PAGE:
At first blush it may be hard to comprehend how the following opening line from Charles Dickens classic “A Tale of Two Cities” could be possible.
“It was the best of times, it was the worst of times, it was the age of wisdom, it was the age of foolishness…”
If your existence knows only the best of times it’s hard to see how it could also be the worst of times. Ask anyone on the right side of the 1% divide about the other side of that line and you’ll likely get a very quixotic look in response.
Recognizing that the polar opposites can concurrently exist in plain sight, yet be so hidden, was part of the genius of Dickens’ tale, but it was more than just the telling of a story. He was also sending a message of warning much closer to home.
If you have been following the stock market lately, you’ll know that even as new highs were approached once again just a week ago, there wasn’t really a pervasive sense of feeling more wealthy.
At least not for me.
The signs that perhaps not all was well and equitable were all around, but they barely received any notice. There were increasing dichotomies among the performances of the DJIA, S&P 500 and NASDAQ 100 over the past few weeks. Outrageously strong moves higher by Google (NASDAQ:GOOG), Amazon (NASDAQ:AMZN) and others distorted market capitalization indexes, just as sharp moves lower by IBM (NYSE:IBM) and other high priced DJIA components served to magnify declines in that price weighted index.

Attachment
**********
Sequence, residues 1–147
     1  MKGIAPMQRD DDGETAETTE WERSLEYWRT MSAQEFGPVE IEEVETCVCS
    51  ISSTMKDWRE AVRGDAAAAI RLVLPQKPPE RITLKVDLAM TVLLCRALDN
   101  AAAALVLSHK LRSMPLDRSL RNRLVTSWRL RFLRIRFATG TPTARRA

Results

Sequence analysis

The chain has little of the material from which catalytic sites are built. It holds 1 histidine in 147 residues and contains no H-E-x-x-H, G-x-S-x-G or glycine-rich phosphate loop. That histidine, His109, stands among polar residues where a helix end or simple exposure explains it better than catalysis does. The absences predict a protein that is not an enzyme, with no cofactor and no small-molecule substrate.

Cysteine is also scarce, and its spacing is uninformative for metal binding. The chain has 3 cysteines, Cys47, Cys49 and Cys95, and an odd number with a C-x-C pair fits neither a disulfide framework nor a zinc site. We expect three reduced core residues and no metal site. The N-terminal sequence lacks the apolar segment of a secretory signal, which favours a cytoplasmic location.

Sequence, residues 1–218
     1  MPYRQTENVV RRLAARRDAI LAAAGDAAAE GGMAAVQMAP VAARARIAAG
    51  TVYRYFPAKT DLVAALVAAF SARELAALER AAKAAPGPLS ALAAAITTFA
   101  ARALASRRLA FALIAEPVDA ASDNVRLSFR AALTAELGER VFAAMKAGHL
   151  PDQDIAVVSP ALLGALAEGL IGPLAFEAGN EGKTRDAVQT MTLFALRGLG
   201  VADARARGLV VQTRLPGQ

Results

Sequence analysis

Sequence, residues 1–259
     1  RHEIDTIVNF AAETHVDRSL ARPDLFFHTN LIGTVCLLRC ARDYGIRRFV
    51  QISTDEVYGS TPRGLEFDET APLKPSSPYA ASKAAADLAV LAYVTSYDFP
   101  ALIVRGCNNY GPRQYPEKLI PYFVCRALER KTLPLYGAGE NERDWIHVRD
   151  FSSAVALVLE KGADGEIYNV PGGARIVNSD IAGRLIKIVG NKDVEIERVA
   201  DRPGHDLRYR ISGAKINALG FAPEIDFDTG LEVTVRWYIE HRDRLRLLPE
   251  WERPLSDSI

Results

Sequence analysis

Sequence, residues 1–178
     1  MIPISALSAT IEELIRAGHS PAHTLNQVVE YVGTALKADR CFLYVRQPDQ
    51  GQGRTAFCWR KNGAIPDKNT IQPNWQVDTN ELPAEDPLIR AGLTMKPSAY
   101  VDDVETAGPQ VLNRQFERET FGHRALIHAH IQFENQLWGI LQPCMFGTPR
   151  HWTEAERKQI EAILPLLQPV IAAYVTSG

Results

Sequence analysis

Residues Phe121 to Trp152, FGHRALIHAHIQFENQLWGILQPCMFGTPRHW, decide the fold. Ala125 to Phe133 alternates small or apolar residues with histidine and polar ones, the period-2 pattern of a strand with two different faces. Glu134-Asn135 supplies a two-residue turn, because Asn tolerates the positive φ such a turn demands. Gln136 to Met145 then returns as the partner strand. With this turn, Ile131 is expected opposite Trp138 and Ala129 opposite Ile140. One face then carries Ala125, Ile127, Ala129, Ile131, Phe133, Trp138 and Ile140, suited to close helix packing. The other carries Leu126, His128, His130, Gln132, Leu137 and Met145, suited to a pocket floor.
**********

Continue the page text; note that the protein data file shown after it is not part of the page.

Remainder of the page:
It has certainly been the best of times for those owning a small sub-set of the universe of stocks that had the ability to move the indexes in which they resided. But like the Parisian aristocracy of centuries ago, the impression that all is well may be blind to reality as so many were being left behind.
The past few weeks have perhaps not really been the worst of times, as that would be an exaggeration of major proportion, but it certainly hasn’t been the best of times for the vast majority of that same universe of stocks.
So as the major indexes were once again approaching or exceeding previous highs, they were doing so having been unduly influenced by a small number of very large market capitalization stocks that have gotten all of the attention.
Last week’s abysmal performance of the S&P 500 came a week after an equally wonderful performance. However, that wonderful was very much a product of a narrow mix of stocks, while this week’s retreat was more broad in scope.
In the past few weeks the market has successfully tested support as it bounced back decisively from a 5% decline. What it has failed to do is successfully test resistance after having come within a hair of breaking through to new highs. The shoulders of a few high performers hasn’t been sufficient to do the really heavy lifting necessary to break through resistance.
With the S&P 500 now sitting about 3% below its all time highs some stocks have had their share prices ravaged by earnings in a manner that seems disproportionate to the news. However, some of those stocks looking like bargains after earnings became even greater bargains a day or two later.